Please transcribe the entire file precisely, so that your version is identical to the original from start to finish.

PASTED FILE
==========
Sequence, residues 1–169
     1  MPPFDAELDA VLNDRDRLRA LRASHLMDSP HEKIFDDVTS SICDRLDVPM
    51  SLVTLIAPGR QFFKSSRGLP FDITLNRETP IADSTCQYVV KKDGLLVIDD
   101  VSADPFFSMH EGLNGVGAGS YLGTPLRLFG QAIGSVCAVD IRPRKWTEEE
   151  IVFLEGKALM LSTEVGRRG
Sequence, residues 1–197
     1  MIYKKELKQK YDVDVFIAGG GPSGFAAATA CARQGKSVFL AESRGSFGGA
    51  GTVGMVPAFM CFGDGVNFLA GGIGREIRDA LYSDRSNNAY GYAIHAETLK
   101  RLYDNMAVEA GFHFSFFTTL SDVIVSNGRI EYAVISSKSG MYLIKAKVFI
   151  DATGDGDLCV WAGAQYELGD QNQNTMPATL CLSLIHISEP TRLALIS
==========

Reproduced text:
Sequence, residues 1–169
     1  MPPFDAELDA VLNDRDRLRA LRASHLMDSP HEKIFDDVTS SICDRLDVPM
    51  SLVTLIAPGR QFFKSSRGLP FDITLNRETP IADSTCQYVV KKDGLLVIDD
   101  VSADPFFSMH EGLNGVGAGS YLGTPLRLFG QAIGSVCAVD IRPRKWTEEE
   151  IVFLEGKALM LSTEVGRRG
Sequence, residues 1–197
     1  MIYKKELKQK YDVDVFIAGG GPSGFAAATA CARQGKSVFL AESRGSFGGA
    51  GTVGMVPAFM CFGDGVNFLA GGIGREIRDA LYSDRSNNAY GYAIHAETLK
   101  RLYDNMAVEA GFHFSFFTTL SDVIVSNGRI EYAVISSKSG MYLIKAKVFI
   151  DATGDGDLCV WAGAQYELGD QNQNTMPATL CLSLIHISEP TRLALIS